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M. Annaeus Lucanus, Pharsalia (ed. Sir Edward Ridley) 8 0 Browse Search
C. Suetonius Tranquillus, The Lives of the Caesars (ed. Alexander Thomson) 6 0 Browse Search
Q. Horatius Flaccus (Horace), Odes (ed. John Conington) 2 0 Browse Search
C. Suetonius Tranquillus, The Lives of the Caesars (ed. Alexander Thomson) 2 0 Browse Search
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Q. Horatius Flaccus (Horace), Odes (ed. John Conington), Book 3, Poem 4 (search)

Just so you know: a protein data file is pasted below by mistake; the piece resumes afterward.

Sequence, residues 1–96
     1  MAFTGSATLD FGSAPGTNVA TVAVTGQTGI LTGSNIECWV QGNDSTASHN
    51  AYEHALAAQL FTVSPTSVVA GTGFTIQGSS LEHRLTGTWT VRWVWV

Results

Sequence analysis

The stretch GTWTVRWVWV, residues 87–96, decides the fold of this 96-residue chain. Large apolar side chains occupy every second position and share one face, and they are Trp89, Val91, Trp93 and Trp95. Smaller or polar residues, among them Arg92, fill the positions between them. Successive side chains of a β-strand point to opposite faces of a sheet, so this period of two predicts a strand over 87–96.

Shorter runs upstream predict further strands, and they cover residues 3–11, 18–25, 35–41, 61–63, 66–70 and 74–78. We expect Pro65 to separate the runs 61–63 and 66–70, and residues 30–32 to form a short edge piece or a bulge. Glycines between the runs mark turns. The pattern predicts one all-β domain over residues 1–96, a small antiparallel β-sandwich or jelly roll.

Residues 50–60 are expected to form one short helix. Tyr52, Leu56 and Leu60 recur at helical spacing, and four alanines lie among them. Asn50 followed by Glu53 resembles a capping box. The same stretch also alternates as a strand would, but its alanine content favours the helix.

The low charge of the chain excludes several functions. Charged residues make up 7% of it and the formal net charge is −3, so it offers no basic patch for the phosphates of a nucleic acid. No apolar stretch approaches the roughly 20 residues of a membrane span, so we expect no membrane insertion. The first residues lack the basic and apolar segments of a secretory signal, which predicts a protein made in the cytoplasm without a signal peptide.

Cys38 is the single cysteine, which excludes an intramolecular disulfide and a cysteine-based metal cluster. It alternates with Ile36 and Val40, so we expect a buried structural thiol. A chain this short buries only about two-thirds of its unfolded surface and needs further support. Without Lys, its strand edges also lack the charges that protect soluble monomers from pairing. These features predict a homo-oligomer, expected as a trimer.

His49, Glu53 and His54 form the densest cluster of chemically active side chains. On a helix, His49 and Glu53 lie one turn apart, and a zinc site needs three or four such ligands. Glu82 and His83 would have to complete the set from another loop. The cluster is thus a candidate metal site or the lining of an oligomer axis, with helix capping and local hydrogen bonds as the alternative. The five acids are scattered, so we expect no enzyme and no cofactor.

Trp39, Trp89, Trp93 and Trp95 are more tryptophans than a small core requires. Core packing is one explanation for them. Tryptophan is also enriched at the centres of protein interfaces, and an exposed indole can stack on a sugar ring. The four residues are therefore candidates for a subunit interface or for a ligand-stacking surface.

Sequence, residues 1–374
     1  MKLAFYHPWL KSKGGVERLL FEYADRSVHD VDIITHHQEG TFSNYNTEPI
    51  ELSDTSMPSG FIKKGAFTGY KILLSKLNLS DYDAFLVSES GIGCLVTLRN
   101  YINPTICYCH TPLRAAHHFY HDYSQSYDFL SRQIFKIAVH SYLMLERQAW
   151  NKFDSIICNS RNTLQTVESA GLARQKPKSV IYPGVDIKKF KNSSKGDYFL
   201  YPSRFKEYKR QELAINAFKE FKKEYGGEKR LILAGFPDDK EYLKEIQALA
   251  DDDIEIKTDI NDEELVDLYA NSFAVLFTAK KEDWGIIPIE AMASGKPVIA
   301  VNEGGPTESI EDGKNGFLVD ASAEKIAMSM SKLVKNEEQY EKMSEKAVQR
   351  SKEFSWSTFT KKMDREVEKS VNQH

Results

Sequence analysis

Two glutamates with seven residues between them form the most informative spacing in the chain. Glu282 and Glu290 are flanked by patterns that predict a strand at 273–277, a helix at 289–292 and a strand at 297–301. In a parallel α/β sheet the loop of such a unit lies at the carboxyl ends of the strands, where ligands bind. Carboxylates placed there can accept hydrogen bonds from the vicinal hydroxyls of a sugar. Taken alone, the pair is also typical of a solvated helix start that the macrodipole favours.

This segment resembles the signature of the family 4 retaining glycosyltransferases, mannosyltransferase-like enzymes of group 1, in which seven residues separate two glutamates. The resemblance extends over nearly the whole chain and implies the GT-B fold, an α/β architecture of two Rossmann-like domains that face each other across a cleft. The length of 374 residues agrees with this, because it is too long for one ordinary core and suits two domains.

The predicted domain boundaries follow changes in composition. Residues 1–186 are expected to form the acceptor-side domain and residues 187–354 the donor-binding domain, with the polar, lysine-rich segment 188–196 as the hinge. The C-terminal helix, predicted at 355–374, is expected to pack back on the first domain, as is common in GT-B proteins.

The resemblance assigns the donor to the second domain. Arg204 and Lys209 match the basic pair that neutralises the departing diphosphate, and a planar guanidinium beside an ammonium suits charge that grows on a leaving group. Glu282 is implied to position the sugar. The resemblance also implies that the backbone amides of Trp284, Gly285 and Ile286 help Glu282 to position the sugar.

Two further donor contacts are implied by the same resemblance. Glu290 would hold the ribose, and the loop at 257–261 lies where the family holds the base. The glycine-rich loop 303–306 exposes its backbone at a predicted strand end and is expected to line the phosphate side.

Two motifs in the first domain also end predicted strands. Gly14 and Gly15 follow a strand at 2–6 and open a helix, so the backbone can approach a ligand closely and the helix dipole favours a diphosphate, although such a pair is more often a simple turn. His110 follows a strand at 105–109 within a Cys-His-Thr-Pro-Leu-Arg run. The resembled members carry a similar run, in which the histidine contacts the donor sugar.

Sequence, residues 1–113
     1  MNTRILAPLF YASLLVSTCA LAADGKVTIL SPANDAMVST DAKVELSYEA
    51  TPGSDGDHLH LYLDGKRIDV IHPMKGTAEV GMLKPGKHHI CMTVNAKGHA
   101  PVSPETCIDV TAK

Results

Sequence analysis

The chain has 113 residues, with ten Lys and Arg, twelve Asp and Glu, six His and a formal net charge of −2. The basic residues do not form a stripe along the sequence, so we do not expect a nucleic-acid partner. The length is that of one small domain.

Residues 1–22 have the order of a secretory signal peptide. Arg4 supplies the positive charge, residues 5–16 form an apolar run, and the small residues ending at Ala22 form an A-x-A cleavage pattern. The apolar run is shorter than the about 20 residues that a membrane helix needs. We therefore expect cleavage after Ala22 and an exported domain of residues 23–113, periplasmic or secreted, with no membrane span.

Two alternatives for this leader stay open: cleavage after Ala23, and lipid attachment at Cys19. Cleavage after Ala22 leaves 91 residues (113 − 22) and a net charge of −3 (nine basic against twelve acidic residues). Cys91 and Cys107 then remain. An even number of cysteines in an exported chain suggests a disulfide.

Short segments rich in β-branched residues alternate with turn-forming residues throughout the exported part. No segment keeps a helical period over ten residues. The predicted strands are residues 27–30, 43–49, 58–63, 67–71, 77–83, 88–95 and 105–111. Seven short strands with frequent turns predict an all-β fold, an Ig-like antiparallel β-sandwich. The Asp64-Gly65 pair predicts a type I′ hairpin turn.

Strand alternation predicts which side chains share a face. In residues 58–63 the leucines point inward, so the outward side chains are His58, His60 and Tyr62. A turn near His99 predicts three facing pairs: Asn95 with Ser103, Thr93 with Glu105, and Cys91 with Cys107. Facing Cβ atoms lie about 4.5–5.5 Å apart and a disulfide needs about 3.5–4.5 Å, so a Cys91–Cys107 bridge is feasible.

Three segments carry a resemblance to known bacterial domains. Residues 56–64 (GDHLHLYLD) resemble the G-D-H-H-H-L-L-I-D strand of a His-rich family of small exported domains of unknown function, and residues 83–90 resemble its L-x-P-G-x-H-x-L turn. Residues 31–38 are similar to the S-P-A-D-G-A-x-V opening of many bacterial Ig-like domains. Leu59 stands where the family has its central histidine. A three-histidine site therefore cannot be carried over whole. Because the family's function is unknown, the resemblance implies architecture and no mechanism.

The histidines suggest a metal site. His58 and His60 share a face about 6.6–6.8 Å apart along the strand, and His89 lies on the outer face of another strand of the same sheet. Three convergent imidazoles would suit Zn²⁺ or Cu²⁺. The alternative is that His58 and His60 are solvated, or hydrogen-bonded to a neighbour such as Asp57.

g green the stock-doves crown'd— A legend, nay, a miracle, By Acherontia's nestlings told, By all in Bantine glade that dwell, Or till the rich Forentan mould. “Bears, vipers, spared him as he lay, The sacred garland deck'd his hair, The myrtle blended with the bay: The child's inspired: the gods were there.” Your grace, sweet Muses, shields me still On Sabine heights, or lets me range Where cool Praeneste, Tibur's hill, Or liquid Baiae proffers change. Me to your springs, your dances true, Philippi bore not to the ground, Nor the doom'd tree in falling slew, Nor billowy Palinurus drown'd. Grant me your presence, blithe and fain Mad Bosporus shall my bark explore; My foot shall tread the sandy plain That glows beside Assyria's shore; 'Mid Briton tribes, the stranger's foe, And Spaniards, drunk with horses' blood, And quiver'd Scythians, will I go Unharm'd, and look on Tanais' flood. When Caesar's self in peaceful town The weary veteran's home has made, You bid him lay his helmet down A<